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Plastered against the seaside wall of a southern Italian mountainside are four of the world's most romantic retreats

The Monti Lattariis a bumpy peninsula that somewhere south of Pompeii takes a sudden turn forthe Tyrrhenian Sea. It does so with great impulsiveness, so that cliffs andmountainsides drop off abruptly into the blue. A spittle of land that seems tohave spilled offshore in the rush has become the isle of Capri.

But tucked away inthe wedges and the creases of the Monti Lattari, hiding from the urbanity ofNaples across the gulf, safe from the sloping boil of Vesuvius not an houraway, insulated by the geography, the communications and the incredible roadsfrom the telephone, the telegraph and the tripper, are four of the world's mostromantic retreats—Sorrento, Positano, Amalfi and Ravello. Here in the sphere ofNeapolitan influence, baking pizzas flare the noonday nostril; the breeze istoasted as it floats over from the hot Sicilian acres, and Neapolitan tenorstwang the love strings of their guitars as they moon away the wine-filled,oleander-scented nights. This entrancing combination coaxed Goethe, Byron andOscar Wilde to Sorrento; Longfellow to Amalfi; Richard Wagner and Garbo andStokowski to the heights of Ravello.

The list ofromanticists who flock to Positano grows longer by the day, for Positano is thecurrent darling of the corkscrew strip known as the Amalfi Riviera. Maugham hascalled it "almost excessively picturesque." Steinbeck termed it "adream place that isn't quite real when you are there and becomes beckoninglyreal after you've gone." It is an old and sun-bleached village jammed intoa crevice between two mountains. Its only vehicle road is the Amalfi Drive thathairpins along the south wall of the Monti Lattari on its way to Salerno.

Running from themountain-top villas down the steep incline to the sea is a pathway of hundredsof steps that echo daily with the wooden zuccoli on the feet of the women. Saida breathless American visitor last summer, "Positano is nothing but a44-story building with outside staircases." And a Pan-American publicrelations man, normally based in Paris and fattened by the Laperouse-Tourd'Argent circuit, has written me from Positano, where I had directed him,complaining that "it is a bit too vertical for men of our years."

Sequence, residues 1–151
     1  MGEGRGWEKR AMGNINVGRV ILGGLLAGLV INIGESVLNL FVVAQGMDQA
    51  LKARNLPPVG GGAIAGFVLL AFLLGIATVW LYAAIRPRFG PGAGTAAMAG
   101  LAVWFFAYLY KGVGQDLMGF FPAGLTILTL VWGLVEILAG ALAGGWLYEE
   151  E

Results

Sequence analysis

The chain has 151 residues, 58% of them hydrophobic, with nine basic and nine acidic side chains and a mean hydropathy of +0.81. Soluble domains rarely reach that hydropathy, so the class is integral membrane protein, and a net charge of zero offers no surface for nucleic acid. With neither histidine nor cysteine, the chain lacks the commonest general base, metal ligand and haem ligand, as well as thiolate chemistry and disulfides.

But besides all itsnatural charms, which made it a popular art colony for German painters longbefore the war, Positano's present notoriety can be charged in some measure to"Scalinatella," a hit song sung the length of Italy by Roberto Murolo,a Neapolitan tenor. It is the story of a lover who climbs the 396 stairs ofPositano to look for his amour, who, it turns out, is forever dallying at Caprior someplace with some foreign type while he becomes a lovesick cardiac.

In the morning thearty foreign coterie trundles out of the pension Casa Maresca ($5 a day withmeals), from elegant little hotels like the Miramare and the Syrenuse ($8 aday) owned by the mayor, and joggles down the scalinatella to the pebbly beach.Here a beachmaster in a red straw hat, armless undershirt and rolled-upbleached denims will take out his notebook and with a stubby pencil jot downthe hour you wish to be returned to the beach.

Then he will sendyou out by skiff to the offshore rock of your choice. There you turn and toastand swim until the boat chugs back to collect you.

The afternoons areto shop in, for mortised in between the jumble of houses on the sloping roadsare a dozen ateliers where artisans can weave you a sweater, sew you a beachjacket, or whip up a made-to-measure shirt in a day or two. The fashions are ondisplay nightly in a waterside den known as the Buca di Bacco where the coterieeats and dances, then scales a rockside walk, mushes off across another pebblebeach and tumbles finally into For-nillo. Here a dance band plays sleepy musicuntil quitting time after which a Neapolitan tenor who performs over theItalian TV under the name of Rino da Positano strums and sings the sad songs.And at last the crowd sings out its own entertainment while climbing the rockywalk back to the pensions, the hotels, the villas and the furnished rooms amongthe crags. Then the town is dark and the only lights are the lampare of thefishing boats that lure the squid and octopus from the sea with white acetylenebeams.